His intervention came as MPs prepare to debate the Internal Market Bill on Monday, with Boris Johnson facing growing criticism that breaching international law would jeopardise the UK’s standing in the world.
Mr Cameron is the fifth former Prime Minister to slam the bill after Theresa May, Sir John Major and Lord Howard also spoke out. Former Labour PM Tony Blair also urged MPs to reject the “shaming” legislation, saying it imperils the Irish peace process, trade negotiations and the UK’s integrity.
The former Conservative leader said: “Passing an act of Parliament and then going on to break an international treaty obligation is the very, very last thing you should contemplate, it should be an absolute final last resort.
“So I do have misgivings about what is being proposed.
“But I would just make this point: so far what has happened is the Government has proposed a law that it might pass or might not pass or might use or might not use depending on whether certain circumstances do or do not appear.
“Of course the bigger picture here is we are in a vital negotiation with the European Union to get a deal and I think we have to keep that context, that prize in mind and that’s why I’ve perhaps held back from saying more up until now.”
Mr Johnson’s former attorney general Geoffrey Cox has led the criticism, saying it would be “unconscionable” to override the Brexit divorce deal.
The Tory MP said there is “no doubt” the “unpalatable” implications of the Withdrawal Agreement were known when the Prime Minister signed it, at a time when Mr Cox was the chief law officer.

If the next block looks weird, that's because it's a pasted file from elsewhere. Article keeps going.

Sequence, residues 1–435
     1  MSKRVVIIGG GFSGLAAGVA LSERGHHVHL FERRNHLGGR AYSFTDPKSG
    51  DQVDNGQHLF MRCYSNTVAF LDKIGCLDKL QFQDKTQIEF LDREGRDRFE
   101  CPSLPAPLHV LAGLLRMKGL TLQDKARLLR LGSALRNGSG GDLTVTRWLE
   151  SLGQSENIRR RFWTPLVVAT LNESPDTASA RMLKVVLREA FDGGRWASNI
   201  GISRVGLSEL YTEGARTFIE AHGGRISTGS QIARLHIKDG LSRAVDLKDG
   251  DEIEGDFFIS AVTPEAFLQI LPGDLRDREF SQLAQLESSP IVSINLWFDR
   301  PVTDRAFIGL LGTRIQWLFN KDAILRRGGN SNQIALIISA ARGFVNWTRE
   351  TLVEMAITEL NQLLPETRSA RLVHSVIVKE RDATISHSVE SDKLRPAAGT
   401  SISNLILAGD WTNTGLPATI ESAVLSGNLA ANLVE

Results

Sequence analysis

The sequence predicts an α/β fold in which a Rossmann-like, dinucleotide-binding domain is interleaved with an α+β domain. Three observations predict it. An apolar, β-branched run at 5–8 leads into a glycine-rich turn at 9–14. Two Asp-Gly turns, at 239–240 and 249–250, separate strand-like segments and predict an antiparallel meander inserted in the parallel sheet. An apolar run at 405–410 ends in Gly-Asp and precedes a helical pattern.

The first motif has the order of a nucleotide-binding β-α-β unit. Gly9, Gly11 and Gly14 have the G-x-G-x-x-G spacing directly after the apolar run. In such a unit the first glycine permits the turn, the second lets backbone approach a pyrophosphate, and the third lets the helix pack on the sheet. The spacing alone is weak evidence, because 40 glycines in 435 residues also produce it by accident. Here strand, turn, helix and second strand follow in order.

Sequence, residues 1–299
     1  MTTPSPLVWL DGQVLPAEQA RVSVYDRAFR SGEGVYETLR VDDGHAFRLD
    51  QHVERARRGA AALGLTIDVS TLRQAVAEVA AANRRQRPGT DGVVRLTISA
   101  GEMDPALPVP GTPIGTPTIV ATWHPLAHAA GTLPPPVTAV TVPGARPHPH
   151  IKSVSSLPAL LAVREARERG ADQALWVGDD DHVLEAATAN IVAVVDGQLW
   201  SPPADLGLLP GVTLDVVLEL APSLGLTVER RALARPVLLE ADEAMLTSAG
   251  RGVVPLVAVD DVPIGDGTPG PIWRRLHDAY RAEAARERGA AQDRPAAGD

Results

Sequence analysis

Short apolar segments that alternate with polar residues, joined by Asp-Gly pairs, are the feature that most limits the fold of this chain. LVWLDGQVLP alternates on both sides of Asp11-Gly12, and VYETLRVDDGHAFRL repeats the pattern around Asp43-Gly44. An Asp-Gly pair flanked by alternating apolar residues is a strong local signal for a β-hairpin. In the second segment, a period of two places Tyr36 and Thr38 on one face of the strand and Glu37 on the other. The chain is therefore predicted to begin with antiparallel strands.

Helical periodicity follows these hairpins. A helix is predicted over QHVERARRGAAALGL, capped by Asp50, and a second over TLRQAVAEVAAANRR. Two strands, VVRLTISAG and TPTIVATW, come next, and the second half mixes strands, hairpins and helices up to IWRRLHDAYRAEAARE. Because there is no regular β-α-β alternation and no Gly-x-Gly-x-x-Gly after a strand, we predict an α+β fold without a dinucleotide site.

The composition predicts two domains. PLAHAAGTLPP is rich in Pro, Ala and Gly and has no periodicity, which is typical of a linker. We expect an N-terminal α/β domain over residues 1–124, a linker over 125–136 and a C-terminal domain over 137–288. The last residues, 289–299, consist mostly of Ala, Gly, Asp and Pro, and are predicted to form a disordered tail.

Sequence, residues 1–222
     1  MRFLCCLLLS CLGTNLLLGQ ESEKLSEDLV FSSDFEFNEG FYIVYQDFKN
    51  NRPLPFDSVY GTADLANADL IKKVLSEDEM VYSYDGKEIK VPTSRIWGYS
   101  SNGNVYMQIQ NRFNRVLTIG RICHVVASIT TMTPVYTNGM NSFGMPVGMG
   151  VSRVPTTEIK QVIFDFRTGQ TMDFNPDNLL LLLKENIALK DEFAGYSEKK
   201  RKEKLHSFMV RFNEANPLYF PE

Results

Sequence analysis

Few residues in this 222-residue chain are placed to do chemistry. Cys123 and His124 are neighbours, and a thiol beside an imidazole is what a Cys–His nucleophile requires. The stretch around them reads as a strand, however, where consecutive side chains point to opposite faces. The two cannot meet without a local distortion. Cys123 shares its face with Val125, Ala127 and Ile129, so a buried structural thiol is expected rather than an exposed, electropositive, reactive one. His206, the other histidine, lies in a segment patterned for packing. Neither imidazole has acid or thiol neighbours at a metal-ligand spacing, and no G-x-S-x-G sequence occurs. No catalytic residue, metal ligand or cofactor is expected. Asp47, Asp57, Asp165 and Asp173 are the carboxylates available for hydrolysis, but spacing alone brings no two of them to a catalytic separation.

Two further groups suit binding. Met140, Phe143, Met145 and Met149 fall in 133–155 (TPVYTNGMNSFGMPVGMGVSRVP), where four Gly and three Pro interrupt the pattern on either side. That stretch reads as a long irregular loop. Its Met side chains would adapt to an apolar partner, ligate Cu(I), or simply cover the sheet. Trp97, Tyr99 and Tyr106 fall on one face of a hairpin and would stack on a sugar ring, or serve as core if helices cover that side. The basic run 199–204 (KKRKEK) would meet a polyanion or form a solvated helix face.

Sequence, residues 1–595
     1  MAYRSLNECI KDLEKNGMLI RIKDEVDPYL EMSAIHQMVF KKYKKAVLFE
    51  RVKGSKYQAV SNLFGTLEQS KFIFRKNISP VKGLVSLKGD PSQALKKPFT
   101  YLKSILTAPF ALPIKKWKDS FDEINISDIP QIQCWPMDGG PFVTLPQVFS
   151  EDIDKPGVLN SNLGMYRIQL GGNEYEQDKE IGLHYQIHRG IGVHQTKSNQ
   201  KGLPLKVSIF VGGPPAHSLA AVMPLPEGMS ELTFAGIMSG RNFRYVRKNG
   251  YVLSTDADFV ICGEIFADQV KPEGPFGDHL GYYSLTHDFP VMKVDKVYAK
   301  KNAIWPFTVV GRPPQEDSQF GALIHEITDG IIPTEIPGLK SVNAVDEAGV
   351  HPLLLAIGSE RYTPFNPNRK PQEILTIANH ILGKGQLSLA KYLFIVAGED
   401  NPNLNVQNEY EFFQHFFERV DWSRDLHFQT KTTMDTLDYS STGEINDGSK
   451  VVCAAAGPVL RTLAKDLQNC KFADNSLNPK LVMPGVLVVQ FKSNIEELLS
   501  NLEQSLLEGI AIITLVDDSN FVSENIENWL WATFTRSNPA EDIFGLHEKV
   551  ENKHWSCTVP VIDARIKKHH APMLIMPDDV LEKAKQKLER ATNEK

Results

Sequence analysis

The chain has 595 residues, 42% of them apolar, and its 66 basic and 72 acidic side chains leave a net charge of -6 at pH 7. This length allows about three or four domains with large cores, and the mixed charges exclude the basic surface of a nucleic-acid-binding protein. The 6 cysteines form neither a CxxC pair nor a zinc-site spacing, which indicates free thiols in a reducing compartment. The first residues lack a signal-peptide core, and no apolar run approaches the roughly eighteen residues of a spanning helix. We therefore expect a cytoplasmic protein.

The Brexiteer warned he would not back the Internal Market Bill unless ministers dispel the impression they plan to “permanently and unilaterally” rewrite an international agreement.
The QC, who was attorney general during the unlawful suspension of Parliament said tariffs and customs procedures on certain goods entering Northern Ireland from Britain were part of the deal.
“There can be no doubt that these were the known, unpalatable but inescapable, implications of the agreement,” he wrote in The Times.
He said if the powers in the Bill were used to “nullify those perfectly plain and foreseeable consequences” then it would amount to the “unilateral abrogation of the treaty obligations” signed in October.
“It is unconscionable that this country, justly famous for its regard for the rule of law around the world, should act in such a way,” he added.
He later said that he had spoken to Mr Johnson about his objections to the bill, which the Government argues is necessary to guarantee unfettered trade across every part of the UK.
He told Times Radio: “I have spoken to the Prime Minister. We’ve had long discussions and I know the Prime Minister is giving very careful thought to these things.
“And I know the Government feels that it really has no choice, that if the actions of the EU are borne out (…) if the statements they appear to have made are fulfilled. It would place an enormously difficult problem in the way of the United Kingdom and Northern Ireland.
“It would amount to a demonstration of a want of good faith for which the Government should take action,” he added.
“It’s just the action it should take, in my view, shouldn’t be unlawful.”
Meanwhile, Labour leader Sir Keir Starmer said the Government’s position was damaging to the country as he accused the Prime Minister of being “all over the place”.